A Few Thoughts on Depression
The World Health Organisation estimates that depression affects 300 million people worldwide. In the UK the number affected nears 3 million. We also know that 50% of those suffering from one episode of depression will experience a relapse. Episodes can last an average of 6-8 months. To complicate matters further, depression and associated psychological symptoms of low mood, low self-esteem, ruminating thought patterns, shame and guilt, often result in unhelpful, yet understandable, attempts to cope.
Some of these maladaptive coping strategies may include drug and alcohol use, isolating from previously supportive networks, self-harm and even, for 6000 people in the UK each year, suicide. We know from research that objectively, some of these methods are unlikely to be effective. For example, research by Baumeister and colleagues has shown that a sense of belonging is a basic human need, the absence of which, can have negative psychological effects. Most of us are aware of the anti-depressant effects of cardiovascular exercise due to the brain’s release of endorphins. The problem however seems circular; depression’s symptoms include fear, guilt, shame, lack of energy and a tendency towards avoiding others yet we are asked to do the things which we feel least capable of doing. How can we be expected to go for a run when we can’t sleep and have no energy or motivation? How do we find the strength to socialise and develop a sense of belonging when depression is telling us we are worthless and inadequate?
I am not suggesting that knowing what is good for us isn’t helpful. There are times when we feel lethargic and can still pull off a short brisk walk in the woods or a 10-minute run. At other times we feel inadequate yet manage to find the motivation to attend a social engagement, even of just for a couple of hours, and feel better for it. What I am saying is that sometimes depression’s grip can be so physically and psychologically paralysing that we may need to speak to a professional with experience in treating depression therapeutically.
Although medication such as SSRI’s play an important role in the treatment of depression the recommended treatment usually includes talking therapies. As a psychotherapist, counsellor and addiction therapist I will highlight how talking therapy may be able to help.
One way in which therapy can help is in making sense of what key experiences have contributed to becoming depressed. You may have felt unable to cope with and process a loss, betrayal or disappointment. Maybe certain beliefs about who we are, and how others perceive us, are contributing to our depression. Sometimes we have no idea of what the impact of our childhood experiences is having on our mental health since we tend to normalise and justify these for fear of blaming or judging those who in many ways cared for us growing up. The right therapist will work with you and help you understand how things are impacting you and look at ways to process them.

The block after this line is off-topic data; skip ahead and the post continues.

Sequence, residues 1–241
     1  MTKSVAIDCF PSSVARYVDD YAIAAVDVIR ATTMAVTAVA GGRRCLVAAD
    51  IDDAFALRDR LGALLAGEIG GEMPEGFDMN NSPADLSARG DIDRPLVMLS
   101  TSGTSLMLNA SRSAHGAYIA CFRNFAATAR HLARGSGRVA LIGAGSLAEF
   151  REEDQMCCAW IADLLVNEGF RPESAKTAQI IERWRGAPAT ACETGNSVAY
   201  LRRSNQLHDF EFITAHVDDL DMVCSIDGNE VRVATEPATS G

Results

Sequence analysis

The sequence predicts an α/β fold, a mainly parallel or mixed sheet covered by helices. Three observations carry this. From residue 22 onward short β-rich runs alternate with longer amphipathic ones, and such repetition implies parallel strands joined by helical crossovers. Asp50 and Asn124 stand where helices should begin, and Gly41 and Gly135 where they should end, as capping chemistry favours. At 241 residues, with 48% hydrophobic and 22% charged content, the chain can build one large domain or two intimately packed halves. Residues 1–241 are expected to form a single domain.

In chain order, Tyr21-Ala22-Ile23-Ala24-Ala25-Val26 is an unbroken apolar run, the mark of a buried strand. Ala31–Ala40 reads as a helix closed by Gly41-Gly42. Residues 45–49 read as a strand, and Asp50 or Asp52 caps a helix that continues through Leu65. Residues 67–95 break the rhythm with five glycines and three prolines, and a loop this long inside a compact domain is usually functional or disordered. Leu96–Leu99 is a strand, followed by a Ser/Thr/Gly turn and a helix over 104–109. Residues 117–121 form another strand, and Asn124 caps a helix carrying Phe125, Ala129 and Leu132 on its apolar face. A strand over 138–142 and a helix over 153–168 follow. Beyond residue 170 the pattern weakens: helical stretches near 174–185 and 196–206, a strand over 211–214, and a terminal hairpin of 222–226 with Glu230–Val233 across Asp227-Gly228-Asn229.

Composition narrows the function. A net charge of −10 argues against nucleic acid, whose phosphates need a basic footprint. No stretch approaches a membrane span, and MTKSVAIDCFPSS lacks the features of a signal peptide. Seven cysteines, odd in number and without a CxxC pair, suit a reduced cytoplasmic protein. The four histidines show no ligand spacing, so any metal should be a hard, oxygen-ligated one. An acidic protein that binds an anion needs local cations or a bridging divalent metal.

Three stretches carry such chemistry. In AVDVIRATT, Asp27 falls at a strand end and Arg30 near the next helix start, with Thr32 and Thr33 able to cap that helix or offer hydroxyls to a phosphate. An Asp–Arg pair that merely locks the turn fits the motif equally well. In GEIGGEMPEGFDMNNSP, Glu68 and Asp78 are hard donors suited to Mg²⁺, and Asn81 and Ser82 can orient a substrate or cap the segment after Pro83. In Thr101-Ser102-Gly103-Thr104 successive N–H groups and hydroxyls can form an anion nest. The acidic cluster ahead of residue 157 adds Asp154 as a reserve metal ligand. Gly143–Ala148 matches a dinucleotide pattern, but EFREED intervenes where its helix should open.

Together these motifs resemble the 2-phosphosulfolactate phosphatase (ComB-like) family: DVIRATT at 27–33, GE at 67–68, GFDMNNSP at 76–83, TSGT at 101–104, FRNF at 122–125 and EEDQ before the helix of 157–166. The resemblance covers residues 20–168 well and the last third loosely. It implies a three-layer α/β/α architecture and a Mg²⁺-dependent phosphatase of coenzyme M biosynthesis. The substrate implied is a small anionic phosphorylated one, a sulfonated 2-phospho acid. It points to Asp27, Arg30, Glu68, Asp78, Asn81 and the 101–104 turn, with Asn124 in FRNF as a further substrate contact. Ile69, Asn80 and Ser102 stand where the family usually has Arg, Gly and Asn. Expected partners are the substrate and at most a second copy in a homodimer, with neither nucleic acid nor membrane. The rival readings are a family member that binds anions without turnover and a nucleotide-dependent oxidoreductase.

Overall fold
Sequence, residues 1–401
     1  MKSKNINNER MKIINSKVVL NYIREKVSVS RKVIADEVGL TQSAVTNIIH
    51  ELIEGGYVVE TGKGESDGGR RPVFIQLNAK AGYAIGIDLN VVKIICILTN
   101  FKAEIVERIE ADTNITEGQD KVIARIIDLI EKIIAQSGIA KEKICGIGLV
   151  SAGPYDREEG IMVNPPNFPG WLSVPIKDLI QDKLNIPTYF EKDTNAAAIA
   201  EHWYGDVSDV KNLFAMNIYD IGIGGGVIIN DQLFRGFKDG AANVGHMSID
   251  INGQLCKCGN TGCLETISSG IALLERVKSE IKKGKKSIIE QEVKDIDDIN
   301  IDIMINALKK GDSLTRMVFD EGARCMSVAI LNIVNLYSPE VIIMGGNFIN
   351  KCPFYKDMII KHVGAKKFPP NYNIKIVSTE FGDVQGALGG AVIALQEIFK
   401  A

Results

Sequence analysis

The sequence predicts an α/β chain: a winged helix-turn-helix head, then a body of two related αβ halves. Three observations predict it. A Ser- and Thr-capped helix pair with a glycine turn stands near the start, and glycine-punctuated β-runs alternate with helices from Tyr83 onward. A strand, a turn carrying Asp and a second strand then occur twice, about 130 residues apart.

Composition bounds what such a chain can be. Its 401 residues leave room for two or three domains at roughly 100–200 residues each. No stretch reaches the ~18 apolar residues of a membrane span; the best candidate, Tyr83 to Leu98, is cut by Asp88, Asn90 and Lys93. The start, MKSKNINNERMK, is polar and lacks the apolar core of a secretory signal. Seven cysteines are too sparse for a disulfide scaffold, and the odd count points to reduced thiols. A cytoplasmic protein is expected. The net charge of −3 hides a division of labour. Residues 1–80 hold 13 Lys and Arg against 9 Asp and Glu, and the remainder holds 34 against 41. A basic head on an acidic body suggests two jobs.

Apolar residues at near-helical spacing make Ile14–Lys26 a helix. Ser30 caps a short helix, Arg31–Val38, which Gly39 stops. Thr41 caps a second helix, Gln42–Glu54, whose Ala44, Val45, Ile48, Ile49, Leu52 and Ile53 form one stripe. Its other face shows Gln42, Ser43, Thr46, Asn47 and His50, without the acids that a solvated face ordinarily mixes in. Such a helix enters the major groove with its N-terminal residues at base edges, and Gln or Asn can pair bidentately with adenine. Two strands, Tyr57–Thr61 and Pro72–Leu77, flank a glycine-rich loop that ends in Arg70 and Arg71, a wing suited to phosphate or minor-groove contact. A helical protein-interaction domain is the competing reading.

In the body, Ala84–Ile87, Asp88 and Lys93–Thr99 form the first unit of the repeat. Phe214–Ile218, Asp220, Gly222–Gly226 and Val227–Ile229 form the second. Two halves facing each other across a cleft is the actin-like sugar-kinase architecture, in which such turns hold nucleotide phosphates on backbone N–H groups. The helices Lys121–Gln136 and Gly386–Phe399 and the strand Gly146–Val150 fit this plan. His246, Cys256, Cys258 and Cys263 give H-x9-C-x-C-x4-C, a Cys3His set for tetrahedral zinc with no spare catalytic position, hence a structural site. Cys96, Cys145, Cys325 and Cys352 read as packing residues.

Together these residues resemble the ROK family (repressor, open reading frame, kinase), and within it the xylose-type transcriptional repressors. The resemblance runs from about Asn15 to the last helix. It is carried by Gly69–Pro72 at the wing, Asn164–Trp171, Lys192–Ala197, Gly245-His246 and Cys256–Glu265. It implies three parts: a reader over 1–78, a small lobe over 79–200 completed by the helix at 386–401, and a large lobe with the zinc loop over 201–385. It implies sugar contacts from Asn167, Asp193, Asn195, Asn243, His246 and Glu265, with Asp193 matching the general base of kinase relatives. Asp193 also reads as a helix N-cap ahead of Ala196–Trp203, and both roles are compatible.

You may come to understand what internal and external triggers put you at risk. Internal triggers can include beliefs, attitudes and unrealistic expectations of self and others whilst external triggers may include certain people in our lives as well as our environment. You will also be able to explore some of the coping mechanisms that may not be working for you and introduce new ways of coping which are supportive of your well-being.
Depression often carries stigma and shame. We somehow feel responsible for our depression in ways that would make no sense with most physical illnesses. Few of us would blame ourselves for having appendicitis but we somehow feel that we are to blame for feeling depressed. I have often heard clients say things along the lines of “I have such a good life. I shouldn’t feel this way!”. Unhelpful social beliefs which confound depression with sadness aren’t very helpful either and contribute to the stigma. “Snap out of it!”, “chin up!” we hear people say. As Stephen Fry puts it, “asking someone what they have to be depressed about is like asking someone with cancer what they have to be cancerous about”.
After having worked with hundreds of clients suffering from depression over the years, I am aware of how big a step it can be to seek professional support. Depression, as we have seen, is often characterised by lack of motivation, lethargy, fear of social contact and negative thinking. These symptoms are likely to influence our decision-making process when it comes to accessing therapy. We may wonder if therapy would help in any way or we might find it impossible to imagine being open with a stranger. At The Practice we are aware that not everyone will feel able to take that step. This is why we think it’s essential to offer a free and confidential opportunity to call or email our experienced staff with any questions. We also offer sessions via the phone and on Skype in case attending a face-to-face session straight away feels like too much for you.
If you are feeling depressed, there is support available. Please look at our website for a list of additional resources that may be of support for you. I have also added a list of books which I often recommend to my clients as a way of understanding depression.
Matt Haig, Reasons to Stay Alive